Overemphasis on test results is tied to a second problem, which is an unhealthy fear of failure. Students who have routinely scored A grades naturally worry about seeing other letters in the alphabet.
That is a concern because innovation and creativity require being prepared to fail.
The business world understands this: anyone who has never failed to meet their sales targets probably isn’t setting those targets high enough.
It was unusual and tremendously refreshing to see this insight celebrated at the Singapore University of Technology and Design (SUTD) in its recent “Fail Week”.
The third type of problem, which is more general but reinforced by the first two, is the conservatism of Singapore’s meritocracy.
That meritocracy is admirable in many ways and responsible for much of the Republic’s success.
Yet in addition to rewarding ability, it also punishes mistakes.
Singaporean students are nothing if not responsive to incentives. They quickly learn that they must work hard and hone their skills.
They also gravitate towards areas where success can be an objective certainty rather than a gamble. I’m always struck, for example, by the number of students aspiring to study law who choose mathematics over history, or science over politics.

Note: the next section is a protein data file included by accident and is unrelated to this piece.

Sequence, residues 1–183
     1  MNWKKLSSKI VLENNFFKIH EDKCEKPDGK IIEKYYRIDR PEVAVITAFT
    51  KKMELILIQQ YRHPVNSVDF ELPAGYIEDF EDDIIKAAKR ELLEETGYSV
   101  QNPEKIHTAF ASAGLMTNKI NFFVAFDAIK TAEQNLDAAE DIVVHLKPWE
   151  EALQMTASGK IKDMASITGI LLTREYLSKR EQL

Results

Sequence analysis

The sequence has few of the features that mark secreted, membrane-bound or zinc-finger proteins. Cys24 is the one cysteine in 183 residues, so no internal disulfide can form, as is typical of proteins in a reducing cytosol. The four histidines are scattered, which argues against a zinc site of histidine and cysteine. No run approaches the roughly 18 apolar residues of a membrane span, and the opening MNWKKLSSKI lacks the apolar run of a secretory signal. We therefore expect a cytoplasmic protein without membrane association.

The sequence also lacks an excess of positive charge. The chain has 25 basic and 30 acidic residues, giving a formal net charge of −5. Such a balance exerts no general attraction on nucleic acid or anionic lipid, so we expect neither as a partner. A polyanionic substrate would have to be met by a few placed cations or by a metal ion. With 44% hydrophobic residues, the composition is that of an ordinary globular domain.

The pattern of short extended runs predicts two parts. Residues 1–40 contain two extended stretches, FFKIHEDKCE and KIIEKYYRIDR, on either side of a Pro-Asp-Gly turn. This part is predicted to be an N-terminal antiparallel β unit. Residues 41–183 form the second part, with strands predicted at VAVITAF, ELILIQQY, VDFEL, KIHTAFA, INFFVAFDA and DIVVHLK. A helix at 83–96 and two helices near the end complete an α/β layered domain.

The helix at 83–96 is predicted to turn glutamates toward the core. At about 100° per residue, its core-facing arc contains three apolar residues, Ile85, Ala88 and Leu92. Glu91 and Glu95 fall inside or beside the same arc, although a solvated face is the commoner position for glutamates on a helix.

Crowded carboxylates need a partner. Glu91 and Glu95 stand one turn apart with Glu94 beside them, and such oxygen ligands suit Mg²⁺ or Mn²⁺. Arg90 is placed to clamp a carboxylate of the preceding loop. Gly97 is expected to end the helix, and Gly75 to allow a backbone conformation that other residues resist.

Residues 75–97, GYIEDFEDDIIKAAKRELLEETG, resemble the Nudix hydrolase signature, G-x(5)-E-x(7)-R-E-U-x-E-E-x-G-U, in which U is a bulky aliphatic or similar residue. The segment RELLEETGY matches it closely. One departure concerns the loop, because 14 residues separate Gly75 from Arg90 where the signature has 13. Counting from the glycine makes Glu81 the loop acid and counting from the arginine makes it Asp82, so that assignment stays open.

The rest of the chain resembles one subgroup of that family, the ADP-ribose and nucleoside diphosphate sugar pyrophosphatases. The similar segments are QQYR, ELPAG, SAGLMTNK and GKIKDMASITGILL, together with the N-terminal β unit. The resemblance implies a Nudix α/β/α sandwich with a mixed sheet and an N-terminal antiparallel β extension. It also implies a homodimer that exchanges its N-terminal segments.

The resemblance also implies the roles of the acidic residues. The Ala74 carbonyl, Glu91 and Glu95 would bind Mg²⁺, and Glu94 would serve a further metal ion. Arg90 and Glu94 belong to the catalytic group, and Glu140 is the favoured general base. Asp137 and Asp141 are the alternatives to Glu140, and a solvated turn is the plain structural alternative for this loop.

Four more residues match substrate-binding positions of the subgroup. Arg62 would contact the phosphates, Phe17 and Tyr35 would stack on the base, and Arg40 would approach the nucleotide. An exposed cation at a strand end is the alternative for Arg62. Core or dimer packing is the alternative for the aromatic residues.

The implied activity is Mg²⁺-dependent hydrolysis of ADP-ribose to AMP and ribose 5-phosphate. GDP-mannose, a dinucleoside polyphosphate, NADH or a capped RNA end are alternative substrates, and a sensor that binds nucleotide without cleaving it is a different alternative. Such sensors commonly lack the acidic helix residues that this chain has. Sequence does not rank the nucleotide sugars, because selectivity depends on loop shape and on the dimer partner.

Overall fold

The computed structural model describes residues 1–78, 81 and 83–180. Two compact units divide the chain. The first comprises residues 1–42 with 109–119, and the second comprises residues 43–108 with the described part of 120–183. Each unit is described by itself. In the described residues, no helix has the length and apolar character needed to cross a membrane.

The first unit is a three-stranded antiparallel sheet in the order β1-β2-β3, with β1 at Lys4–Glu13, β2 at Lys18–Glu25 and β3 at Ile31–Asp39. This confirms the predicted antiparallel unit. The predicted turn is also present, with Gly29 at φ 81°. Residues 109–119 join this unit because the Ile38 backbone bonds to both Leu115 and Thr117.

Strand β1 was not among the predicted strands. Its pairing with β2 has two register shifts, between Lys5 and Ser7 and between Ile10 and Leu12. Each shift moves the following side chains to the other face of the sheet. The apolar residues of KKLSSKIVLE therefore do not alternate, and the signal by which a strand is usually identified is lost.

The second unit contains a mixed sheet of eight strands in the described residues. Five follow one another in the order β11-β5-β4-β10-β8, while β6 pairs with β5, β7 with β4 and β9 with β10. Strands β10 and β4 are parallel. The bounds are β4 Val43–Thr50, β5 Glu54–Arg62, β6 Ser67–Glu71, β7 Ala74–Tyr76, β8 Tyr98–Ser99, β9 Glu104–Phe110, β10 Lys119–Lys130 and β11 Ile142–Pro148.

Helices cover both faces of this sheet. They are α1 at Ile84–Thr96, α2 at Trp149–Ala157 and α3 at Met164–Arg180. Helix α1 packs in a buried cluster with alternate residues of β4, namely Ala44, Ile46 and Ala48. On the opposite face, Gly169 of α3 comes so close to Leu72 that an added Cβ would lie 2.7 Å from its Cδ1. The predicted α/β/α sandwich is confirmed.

The result is that many of Singapore’s highest achieving students are exceptionally competent, ranked among the best in the world — but also a little narrow and very risk-averse.
* * *
As part of their orientation activities last week, I had the pleasure of welcoming 260 incoming students to the National University of Singapore Faculty of Law. These incredibly talented young men and women have worked hard — and often their parents have worked hard — to get into law school.
Yet I had to warn them that the next four years would be very different from their education to date.
Until now, much of their education was built around being posed questions to which there was a single answer, taught by teachers who knew what that answer was. Extra tuition and parental support ensured that they could provide that answer in exam conditions.